From Paul’s Letter to the Church in Rome:
So then, brothers and sisters, we are debtors, not to the flesh, to live according to the flesh — for if you live according to the flesh, you will die; but if by the Spirit you put to death the deeds of the body, you will live. For all who are led by the Spirit of God are children of God. For you did not receive a spirit of slavery to fall back into fear, but you have received a spirit of adoption. When we cry, “Abba! Father!” it is that very Spirit bearing witness with our spirit that we are children of God, and if children, then heirs, heirs of God and joint heirs with Christ — if, in fact, we suffer with him so that we may also be glorified with him.
(From the Daily Office Lectionary – Romans 8:12-17 (NRSV) – March 14, 2013.)
There were two things about which I was unaware when I wrote yesterday’s meditation referring to the folk chorus Abba, Father. First of all, I didn’t know that today’s readings would include Paul’s comments to the Romans on that form of addressing God. Secondly, I had no idea that the modern day Romans (in the form of the Papal Conclave) would have elected a new pope by today.
Today the entire world, Protestant, Anglican, and Orthodox Christians, as well as those of other religions, together with the world’s Roman Catholics, are taking stock of the newest successor of St. Peter, trying to figure out who Pope Francis is and what his election means. According to all the news reports I’ve seen, he is a humble man with much concern for the poor and the economically oppressed. On the other hand, he is apparently a doctrinal conservative who has had some pretty negative things to say about contraception, a woman’s right to reproductive choice, and the legalization of abortion, as well as about the LGBT community and the rights of gay, lesbian, and transgendered persons. How this will all shake out in his leadership of the Roman Catholic Church is anyone’s guess.
I hope that he will listen to what Paul has to say in his letter to the Roman church of long ago. I hope that he will acknowledge that “all who are led by the Spirit of God are children of God,” even though that Spirit may be leading them in non-Christian directions. I hope that he will consider the suggestion of his fellow Jesuit, Avery Dulles, who wrote: “On Christian grounds, it may be held that the divine person who appears in Jesus is not exhausted by that historical appearance. The symbols and myths of other religions may point to the one who Christians recognize as the Christ.” (Revelation and the Religions, Quaker Universalist Fellowship: 1999)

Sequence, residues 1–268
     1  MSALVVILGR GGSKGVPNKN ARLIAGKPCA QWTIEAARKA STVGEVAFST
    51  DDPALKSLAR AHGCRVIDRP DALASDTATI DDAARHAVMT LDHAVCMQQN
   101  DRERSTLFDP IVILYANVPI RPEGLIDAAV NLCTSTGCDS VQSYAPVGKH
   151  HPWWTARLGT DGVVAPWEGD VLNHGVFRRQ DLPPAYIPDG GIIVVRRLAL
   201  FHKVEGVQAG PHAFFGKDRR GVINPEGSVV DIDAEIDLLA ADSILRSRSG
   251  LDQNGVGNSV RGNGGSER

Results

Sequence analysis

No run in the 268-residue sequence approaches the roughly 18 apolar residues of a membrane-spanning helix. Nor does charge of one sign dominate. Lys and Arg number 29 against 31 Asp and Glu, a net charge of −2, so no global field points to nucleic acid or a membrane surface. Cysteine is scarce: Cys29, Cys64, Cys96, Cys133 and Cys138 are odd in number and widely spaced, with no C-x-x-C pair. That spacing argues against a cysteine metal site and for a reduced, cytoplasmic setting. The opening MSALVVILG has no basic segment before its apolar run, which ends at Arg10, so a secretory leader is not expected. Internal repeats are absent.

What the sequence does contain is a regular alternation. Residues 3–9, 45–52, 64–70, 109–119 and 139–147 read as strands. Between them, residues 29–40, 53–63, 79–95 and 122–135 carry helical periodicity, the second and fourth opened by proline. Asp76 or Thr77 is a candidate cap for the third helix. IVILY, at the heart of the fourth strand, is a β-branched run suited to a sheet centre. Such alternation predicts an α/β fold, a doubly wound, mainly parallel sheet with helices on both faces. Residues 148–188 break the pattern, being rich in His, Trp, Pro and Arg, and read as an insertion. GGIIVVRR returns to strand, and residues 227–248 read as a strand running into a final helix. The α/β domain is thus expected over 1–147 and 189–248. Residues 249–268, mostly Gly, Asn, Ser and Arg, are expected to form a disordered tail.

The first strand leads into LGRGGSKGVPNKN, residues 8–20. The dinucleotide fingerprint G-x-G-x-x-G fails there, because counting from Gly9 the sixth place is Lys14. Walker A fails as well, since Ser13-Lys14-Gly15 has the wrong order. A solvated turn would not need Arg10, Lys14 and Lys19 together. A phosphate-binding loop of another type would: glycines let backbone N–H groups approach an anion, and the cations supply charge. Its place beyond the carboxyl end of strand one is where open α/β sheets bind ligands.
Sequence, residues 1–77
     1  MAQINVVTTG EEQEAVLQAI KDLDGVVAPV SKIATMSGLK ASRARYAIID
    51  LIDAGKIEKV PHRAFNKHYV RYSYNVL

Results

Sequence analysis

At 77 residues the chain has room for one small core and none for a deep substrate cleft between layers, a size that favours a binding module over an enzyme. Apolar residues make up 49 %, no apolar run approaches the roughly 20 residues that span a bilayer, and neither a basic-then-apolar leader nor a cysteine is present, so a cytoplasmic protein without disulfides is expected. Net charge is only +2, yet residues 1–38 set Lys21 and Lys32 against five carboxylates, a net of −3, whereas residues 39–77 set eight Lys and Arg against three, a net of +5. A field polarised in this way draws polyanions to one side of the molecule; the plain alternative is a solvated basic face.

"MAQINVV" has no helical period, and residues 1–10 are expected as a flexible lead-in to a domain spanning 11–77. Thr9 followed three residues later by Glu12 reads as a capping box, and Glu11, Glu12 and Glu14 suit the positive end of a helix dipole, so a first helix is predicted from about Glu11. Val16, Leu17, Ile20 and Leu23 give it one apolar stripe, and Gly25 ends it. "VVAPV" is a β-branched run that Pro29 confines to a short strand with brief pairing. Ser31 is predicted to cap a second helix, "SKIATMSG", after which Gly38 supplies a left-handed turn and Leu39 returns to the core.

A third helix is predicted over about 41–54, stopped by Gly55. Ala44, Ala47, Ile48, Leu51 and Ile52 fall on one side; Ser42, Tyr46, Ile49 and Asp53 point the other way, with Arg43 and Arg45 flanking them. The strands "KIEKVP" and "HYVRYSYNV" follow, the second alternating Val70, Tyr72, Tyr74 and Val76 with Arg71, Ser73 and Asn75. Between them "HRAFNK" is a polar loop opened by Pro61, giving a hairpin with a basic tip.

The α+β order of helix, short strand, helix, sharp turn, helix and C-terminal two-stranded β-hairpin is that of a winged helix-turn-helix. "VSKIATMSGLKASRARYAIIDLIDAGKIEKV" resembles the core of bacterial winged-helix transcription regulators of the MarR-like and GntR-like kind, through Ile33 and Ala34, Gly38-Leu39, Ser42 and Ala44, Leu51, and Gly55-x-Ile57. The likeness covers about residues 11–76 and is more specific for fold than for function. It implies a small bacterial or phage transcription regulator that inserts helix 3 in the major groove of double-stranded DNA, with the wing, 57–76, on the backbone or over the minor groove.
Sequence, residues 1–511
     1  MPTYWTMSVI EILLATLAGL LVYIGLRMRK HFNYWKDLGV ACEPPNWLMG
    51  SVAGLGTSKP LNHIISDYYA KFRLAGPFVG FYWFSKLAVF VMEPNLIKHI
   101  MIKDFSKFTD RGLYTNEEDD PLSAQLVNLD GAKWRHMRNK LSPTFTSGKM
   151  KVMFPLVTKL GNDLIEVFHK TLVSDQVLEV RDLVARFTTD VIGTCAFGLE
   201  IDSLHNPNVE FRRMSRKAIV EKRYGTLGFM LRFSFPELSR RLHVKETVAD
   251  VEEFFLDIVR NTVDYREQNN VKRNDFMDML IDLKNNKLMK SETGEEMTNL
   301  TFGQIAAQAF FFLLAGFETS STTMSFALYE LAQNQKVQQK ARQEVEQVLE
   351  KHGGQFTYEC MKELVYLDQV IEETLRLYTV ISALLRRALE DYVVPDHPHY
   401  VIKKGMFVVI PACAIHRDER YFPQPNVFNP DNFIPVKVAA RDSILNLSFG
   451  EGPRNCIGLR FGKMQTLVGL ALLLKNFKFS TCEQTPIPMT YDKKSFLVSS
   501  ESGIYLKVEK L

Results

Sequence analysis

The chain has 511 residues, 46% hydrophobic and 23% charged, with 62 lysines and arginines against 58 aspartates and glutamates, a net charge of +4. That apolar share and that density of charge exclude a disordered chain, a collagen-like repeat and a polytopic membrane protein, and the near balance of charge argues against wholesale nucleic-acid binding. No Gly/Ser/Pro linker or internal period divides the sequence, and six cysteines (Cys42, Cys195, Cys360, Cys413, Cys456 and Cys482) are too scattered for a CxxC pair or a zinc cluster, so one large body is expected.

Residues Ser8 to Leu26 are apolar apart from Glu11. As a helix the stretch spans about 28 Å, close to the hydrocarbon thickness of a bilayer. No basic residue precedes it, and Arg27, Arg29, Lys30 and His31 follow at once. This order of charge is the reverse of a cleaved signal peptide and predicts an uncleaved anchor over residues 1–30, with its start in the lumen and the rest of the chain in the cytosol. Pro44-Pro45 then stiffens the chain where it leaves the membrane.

It is my understanding of basic Christian doctrine that the Holy Spirit may act wherever and whenever she chooses. If we presume to constrain the activity of the Holy Spirit, if our doctrinal predisposition is to limit God to only our particular religious assumptions, then we are not faithful to the Truth. Christian tradition recognizes a mandate to seek Truth wherever it may be found and to follow the Holy Spirit wherever she may lead, even if that may be into consideration of other religions or non-Christian philosophies. I hope his Holiness will be of the same understanding and seek interfaith dialogue.
Even more, I hope that he will seek common cause with non-Roman Christians, even when our ecclesiologies and theologies may not agree with those of the Holy See. I pray that he will acknowledge that Protestants, Anglicans, and Orthodox Christians are “children of God, and if children, then heirs, heirs of God and joint heirs with Christ.” It was a great disappointment when his predecessor, Benedict XVI, ratified and confirmed a statement that “those Christian Communities born out of the Reformation of the sixteenth century . . . because of the absence of the sacramental priesthood, have not preserved the genuine and integral substance of the Eucharistic Mystery [and] cannot, according to Catholic doctrine, be called ‘Churches’ in the proper sense.” (Responsa Quaestiones, June 29, 2007) As an Anglican, especially, I would dispute the basic assumptions about the priesthood and the Eucharist, but even without regard to that quibble, to deny that any group of Christians is the church seems to me to be an unnecessary stumbling block to ecumenical relations. Hopefully, Pope Francis will be more gracious than his predecessor in acknowledging that “where two or three are gathered in [his] name, [Christ is] there among them.” (Matt. 18:20 NRSV)
Which brings me back to the folk chorus Abba, Father and yesterday’s meditation. The petition of the song is
Mold us, mold us and
Into the image,
Of Jesus your Son
Of Jesus your Son.
Father, may we be one in you,
May we be one in you,
As he is in you,
And you are in him.
God the potter is constantly molding the church. May Pope Francis’s election be an opportunity not only for the Roman Catholic Church to be molded anew, may it also be an occasion for the whole of the Christ’s universal church, and God’s people of other faiths, to be molded together into a new ecumenical and interfaith cooperation.
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Father Funston is the rector of St. Paul’s Episcopal Church, Medina, Ohio.
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